Cries for public inquiry as E coli outbreak widens

Related tags Escherichia coli

The UK's Food Standards Agency has widened the investigation into
the outbreak of E. coli food poisoning illness in Wales as parents
start calling for a public inquiry.

Experts fear the number of cases - currently standing at 115 - could increase. The majority of the current cases are among schoolchildren from 32 schools across four health authority areas.

FSA Wales is advising any food businesses that have received cooked meat from John Tudor and Son to withdraw it from sale immediately and to contact their local authority, although there has been no conclusive evidence that Tudor's was the source of the infection.

Nonetheless, the agency has now asked all local authorities in Wales to contact any small to medium-sized caterers, local shops, delicatessens and pubs, to make sure they have not bought any cooked meat from Bridgend supplier John Tudor. The company said that it was co-operating fully with investigators.

But for parents of children affected by the outbreak, this is not good enough. Four children with acute kidney problems are currently being treated in hospitals in Liverpool and Bristol, and 25 people - mostly children - have been admitted to hospital in the past week.

Parents are now calling for a public inquiry.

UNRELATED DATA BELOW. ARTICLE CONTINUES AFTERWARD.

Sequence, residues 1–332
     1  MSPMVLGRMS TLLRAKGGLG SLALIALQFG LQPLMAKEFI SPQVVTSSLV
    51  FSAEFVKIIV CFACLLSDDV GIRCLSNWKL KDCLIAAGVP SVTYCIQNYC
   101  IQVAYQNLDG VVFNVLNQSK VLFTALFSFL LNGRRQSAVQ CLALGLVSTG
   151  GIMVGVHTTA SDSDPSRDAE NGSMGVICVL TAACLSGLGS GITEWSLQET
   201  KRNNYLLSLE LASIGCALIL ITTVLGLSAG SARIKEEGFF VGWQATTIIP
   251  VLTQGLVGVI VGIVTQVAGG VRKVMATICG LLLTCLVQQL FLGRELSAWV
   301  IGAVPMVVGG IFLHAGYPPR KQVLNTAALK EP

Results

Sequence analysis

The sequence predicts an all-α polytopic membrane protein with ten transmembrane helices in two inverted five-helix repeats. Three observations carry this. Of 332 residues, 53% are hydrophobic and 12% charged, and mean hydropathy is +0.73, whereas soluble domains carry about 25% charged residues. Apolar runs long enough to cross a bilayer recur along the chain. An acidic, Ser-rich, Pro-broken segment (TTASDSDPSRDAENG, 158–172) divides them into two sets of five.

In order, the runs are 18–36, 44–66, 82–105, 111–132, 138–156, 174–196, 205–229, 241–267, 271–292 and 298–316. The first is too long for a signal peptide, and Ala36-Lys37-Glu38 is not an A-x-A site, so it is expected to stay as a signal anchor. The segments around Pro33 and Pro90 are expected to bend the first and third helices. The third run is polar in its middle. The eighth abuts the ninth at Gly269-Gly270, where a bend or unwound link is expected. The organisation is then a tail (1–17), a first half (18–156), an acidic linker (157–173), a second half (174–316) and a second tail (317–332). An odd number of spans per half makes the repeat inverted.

Health Minister Dr Brian Gibbons said an inquiry would be held, but did not specify whether it would be a full public inquiry. First minister of the Welsh Assembly Rhodri Morgan however hinted that a full public inquiry was a possibility.

"There is no difficulty about having to make this as open and as independent and as transparent as possible,"​ he told the BBC.

"I can't give you the details of the inquiry now, but simply a commitment that it will be an open inquiry, because the lessons must be learned."

E. coli O157 causes food poisoning and sometimes kidney failure when people eat undercooked meat. European consumers have become increasing concerned about food safety, mainly due to the bovine spongiform encephalopathy (BSE) scare in cattle beginning in the late 1980s, a foot and mouth disease outbreak in 2001 and of avian flu in 2003.

Consumer concerns have in turn led to tougher regulatory action and increased surveillance of food safety.

Related topics Science Food Safety & Quality

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